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Tuesday, 16 February 2021

Listening to the Ocean

This is a guest blog post. The article was adaped with permissions from Sofar Ocean.

 
What has climate change done to oceans? And what do our oceans do for climate change?

For more years than we can count, oceans have helped us mitigate climate change, including the early effects of human greenhouse gas emissions. Acting as a giant carbon dioxide and heat absorber, or "sink", 90 percent of the warming that happened on Earth between 1971 and 2010 occurred in the ocean. Scientists think that gathering more and better data from the ocean and "listen" to what it has to tell us could be crucial to helping our mitigation efforts catch up to climate change.

Unsplash (CC0 Public Domain via Pixabay)

But why the rush?

 Sea levels are rising at an accelerating pace. From 2018 to 2019, we doubled the global average sea level rise taking from from 3.2 millimeters per year to 6.1 millimeters per year. This is partly due to thermal expansion (warm water expands), and partly due to the melting of glaciers and ice sheets, which go from being solid water on the land, to extra water in the ocean. As a result of sea levels rising, floods increase in number and severity, and shoreline erosion is accelerated, destroying habitats, interfering with agriculture, and contaminating water sources.

Hotter climates are more volatile, and extreme weather is becoming more frequent. Hotter surfaces mean more and more sudden rainfall, hurricanes, and hotter atmospheres mean more water evaporates and storms happen.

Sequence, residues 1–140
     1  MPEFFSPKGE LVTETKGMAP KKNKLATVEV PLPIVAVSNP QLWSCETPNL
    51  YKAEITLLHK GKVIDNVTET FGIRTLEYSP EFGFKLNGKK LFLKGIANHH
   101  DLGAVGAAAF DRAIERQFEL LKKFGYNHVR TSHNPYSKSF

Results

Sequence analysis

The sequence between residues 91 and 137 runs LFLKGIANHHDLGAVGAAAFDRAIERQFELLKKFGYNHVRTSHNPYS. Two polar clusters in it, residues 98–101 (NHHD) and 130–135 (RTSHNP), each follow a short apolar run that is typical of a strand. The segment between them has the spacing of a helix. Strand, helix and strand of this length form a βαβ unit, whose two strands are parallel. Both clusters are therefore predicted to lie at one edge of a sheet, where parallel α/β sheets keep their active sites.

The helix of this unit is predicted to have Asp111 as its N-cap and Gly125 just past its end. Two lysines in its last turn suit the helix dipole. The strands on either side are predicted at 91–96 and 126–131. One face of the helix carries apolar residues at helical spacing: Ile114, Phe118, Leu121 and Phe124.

Ocean acidity has increased by 30% since the industrial revolution. When carbon dioxide dissolves in water, it rips the oxgen out of water molecules, leaving behind hydrogen ions or acid. This acid can adversely affect plants and animals living in the ocean, and accelerate the rates of erosion of rocks. Carbonate ions in the water are also depleted, and many shellfish and other sea life rely on these for growing their shells. Rapidly, the whole food chain is affected.

These changes are big. Fast. And its simply not true that ocean data is adapting and growing as quickly. Much of the current scientific data is siloed and inaccessible, making it difficult for scientists and policy makers to work together.

© TWDK

How could we improve it?

Affordability: The bulk of ocean research is currently undertaken by a small number of wealthier countries – leaving many coastal nations out of the exercise entirely. The tech needed to collect information isn't cheap, and there's a good chance of losing it at sea. Cheaper, more accessible equipment is needed to drive interest and investment from poorer countries.

Open data: A drive towards open data and lower fee barriers to publication would also improve data sharing and global ownership of information. Collecting ocean data into combined tags, networks, and lakes will mean fewer people repeating teh same work, faster innovation, and more collaborations between experts. However, companies need to be incetivised to do this. Some ways this might be achieved is through payoff from improved oil exploration or fishing opportunities.

These changes could be transformative. But it involves working together just like the oceans and the atmosphere.

This is a guest post by Ayesha Renyard. The article was adapted from this one with permissions from Sofar Ocean.

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